The European commission has said it will not launch any more FET flagships – massive €1 billion (£870 million) research projects designed to run over 10 years – under its next funding programme, Horizon Europe, which starts in 2021.
The decision comes in the middle of a selection process that would have decided the next two or three flagships, but now there is a question mark over whether any of the six shortlisted projects will be funded. The three existing flagships – graphene, the human brain project and quantum technologies – will continue.
Kurt Vandenberghe, policy director at the commission’s directorate-general for research and innovation, says that the decision was made following feedback from member states and the research community. The complaint was that the current funding framework had too many different sources of funding and projects that overcomplicated the system. ‘We’ve made a real effort at the strong request of member states to rationalise the whole funding landscape,’ he tells Chemistry World. ‘We’ve tried to avoid this whole “acronym soup” that we have currently in Horizon 2020.’
He emphasises that it’s still possible the six projects, which were shortlisted from an initial 33 proposals, will be funded as part of Horizon Europe, but the designation ‘flagship’ will no longer be used.
‘The flagships have had a very good track record. We’ve learnt a lot from these in the sense of big investments and longer term programmes co-designed with the scientific community,’ he says. ‘What we are now doing is to say that this approach that has been pioneered successfully with flagships can be continued under the next programme, but with a different label and with possibly some different modalities.’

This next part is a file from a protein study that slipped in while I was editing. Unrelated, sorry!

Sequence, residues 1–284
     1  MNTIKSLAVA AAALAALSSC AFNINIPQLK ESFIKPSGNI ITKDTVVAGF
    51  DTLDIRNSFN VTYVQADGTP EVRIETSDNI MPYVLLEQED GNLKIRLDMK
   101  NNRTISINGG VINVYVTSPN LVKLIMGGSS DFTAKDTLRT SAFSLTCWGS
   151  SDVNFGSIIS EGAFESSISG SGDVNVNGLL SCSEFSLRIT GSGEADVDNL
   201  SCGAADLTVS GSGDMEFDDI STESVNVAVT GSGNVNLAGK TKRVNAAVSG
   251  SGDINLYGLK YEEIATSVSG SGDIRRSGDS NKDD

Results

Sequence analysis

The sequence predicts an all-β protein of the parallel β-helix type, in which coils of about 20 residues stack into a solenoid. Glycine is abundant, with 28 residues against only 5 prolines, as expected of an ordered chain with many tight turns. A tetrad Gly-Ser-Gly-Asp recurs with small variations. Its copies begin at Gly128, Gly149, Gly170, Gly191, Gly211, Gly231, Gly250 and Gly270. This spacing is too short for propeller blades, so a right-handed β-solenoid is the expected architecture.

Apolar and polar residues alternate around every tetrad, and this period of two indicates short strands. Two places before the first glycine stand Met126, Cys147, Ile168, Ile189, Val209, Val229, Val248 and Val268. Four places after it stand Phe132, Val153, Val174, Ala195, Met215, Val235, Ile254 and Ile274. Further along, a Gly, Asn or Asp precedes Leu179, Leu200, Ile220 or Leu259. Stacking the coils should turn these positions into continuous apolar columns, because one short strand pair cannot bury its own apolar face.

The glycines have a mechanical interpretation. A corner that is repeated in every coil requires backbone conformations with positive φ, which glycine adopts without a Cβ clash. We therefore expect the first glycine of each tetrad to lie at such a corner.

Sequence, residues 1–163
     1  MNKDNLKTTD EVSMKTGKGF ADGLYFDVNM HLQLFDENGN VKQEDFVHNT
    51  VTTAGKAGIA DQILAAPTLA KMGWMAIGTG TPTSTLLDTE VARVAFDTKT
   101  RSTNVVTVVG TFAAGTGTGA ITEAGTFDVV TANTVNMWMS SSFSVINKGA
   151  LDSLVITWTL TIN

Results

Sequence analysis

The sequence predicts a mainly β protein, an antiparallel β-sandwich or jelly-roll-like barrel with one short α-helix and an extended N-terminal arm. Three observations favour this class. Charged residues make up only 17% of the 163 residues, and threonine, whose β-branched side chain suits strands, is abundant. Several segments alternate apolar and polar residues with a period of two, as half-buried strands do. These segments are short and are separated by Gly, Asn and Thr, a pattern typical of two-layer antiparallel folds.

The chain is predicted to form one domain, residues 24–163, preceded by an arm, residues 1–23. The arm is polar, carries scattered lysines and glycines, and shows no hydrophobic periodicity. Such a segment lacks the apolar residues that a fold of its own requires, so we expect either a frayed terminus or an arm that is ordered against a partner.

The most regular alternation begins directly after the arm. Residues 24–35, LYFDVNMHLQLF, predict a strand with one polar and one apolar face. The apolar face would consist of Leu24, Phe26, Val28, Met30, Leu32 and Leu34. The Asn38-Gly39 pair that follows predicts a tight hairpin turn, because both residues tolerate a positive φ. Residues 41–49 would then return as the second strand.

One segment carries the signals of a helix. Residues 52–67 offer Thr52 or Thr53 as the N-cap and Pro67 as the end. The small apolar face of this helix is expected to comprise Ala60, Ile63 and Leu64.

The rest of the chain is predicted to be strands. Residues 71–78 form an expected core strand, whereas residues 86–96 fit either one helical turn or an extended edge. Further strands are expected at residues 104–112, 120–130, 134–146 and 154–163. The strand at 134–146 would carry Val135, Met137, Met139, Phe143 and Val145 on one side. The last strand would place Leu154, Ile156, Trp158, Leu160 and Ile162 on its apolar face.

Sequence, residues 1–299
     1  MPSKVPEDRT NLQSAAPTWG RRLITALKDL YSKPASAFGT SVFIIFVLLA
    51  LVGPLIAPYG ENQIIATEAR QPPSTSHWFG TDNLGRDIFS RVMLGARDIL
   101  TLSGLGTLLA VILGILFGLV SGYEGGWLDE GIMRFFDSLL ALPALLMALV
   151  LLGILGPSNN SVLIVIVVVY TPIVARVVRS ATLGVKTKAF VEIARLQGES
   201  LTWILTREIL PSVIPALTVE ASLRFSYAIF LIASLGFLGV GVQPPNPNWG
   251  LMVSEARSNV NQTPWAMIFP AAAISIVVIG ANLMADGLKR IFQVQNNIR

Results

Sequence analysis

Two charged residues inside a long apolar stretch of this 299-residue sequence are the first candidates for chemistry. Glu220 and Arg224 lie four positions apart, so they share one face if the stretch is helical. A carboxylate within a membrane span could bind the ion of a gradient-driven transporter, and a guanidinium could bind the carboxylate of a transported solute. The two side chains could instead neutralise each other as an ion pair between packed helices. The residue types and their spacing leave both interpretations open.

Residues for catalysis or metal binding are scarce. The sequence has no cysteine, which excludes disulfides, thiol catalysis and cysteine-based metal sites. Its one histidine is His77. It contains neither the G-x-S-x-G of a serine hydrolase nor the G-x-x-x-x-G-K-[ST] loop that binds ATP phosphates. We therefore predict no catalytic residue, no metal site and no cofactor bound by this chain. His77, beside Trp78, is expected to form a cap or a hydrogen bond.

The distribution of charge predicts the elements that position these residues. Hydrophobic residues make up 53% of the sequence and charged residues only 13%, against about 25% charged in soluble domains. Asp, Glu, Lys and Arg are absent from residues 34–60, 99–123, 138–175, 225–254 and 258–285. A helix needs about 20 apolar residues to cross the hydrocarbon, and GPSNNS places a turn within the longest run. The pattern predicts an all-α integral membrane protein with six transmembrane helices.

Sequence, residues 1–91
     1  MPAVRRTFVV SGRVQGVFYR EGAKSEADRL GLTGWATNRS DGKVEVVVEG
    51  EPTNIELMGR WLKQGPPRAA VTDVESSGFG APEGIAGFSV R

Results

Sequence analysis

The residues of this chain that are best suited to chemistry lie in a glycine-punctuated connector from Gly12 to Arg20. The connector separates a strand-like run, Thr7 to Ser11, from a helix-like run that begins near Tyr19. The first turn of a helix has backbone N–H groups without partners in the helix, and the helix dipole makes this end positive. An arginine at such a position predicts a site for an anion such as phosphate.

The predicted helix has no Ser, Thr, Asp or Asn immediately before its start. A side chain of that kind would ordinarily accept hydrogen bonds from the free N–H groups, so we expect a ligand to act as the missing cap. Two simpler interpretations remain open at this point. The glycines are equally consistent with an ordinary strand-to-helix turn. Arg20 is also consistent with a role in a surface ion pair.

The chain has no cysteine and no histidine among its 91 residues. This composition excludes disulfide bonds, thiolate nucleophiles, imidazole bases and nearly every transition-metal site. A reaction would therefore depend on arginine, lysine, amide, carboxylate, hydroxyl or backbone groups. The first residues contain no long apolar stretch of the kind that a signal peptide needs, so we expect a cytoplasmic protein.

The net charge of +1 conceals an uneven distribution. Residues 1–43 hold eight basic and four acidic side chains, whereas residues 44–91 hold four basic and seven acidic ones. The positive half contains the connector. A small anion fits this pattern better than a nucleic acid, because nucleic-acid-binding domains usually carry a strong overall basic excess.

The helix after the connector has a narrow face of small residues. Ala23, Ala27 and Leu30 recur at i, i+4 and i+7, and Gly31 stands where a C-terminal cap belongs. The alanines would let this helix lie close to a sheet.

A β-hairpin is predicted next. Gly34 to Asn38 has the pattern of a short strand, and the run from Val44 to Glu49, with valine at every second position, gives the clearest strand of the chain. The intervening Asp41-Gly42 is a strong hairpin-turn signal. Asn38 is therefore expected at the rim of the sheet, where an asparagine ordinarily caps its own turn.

The six projects, which include areas such as gene therapy, artificial intelligence, solar fuels and digitising Europe’s cultural heritage, have been granted funding to develop detailed plans over the next year. Vandenberghe says this preparatory work will provide ‘very valuable intelligence’ that will feed into the strategic planning for Horizon Europe.
‘None of these [shortlisted proposals] were guaranteed flagships. That was always very clear,’ he says, adding that they could instead attract funding as ‘missions’ within Horizon Europe. The commission and European parliament are still discussing exactly how Horizon Europe funding will be organised – including how much funding will be available for large-scale, long term projects – and are due to propose a strategic plan at the end of this year.
One of the shortlisted projects is Sunrise, which focuses on the production of fuels and chemicals using sunlight. Its project leader Huub de Groot, a biophysical organic chemist at Leiden University in the Netherlands, says they were officially informed of the commission’s decision after the announcement of the shortlist, meant to take place at a November conference in Vienna, was cancelled.
‘They could in principle have stopped everything … but we got informed in December that we could still do a [roadmap] but that we were not allowed to use the word “flagship” any more. We were instructed to instead use “large scale research initiative”,’ he says.
From his point of view, the situation ‘hasn’t changed much’, although he is concerned that Horizon Europe will not include enough funding for larger projects. He says the change in strategy has given Sunrise an opportunity to be more collaborative with Energy-X, another one of the shortlisted projects that also has a focus on solar fuels.
‘The positive side of the situation is that all of a sudden the competition has disappeared,’ he says. ‘If we do things together we are much stronger, and that’s what we are doing. We are talking to each other, we are working together, we are exchanging information, we are trying to see if we can make a plan that we can then put up for funding.’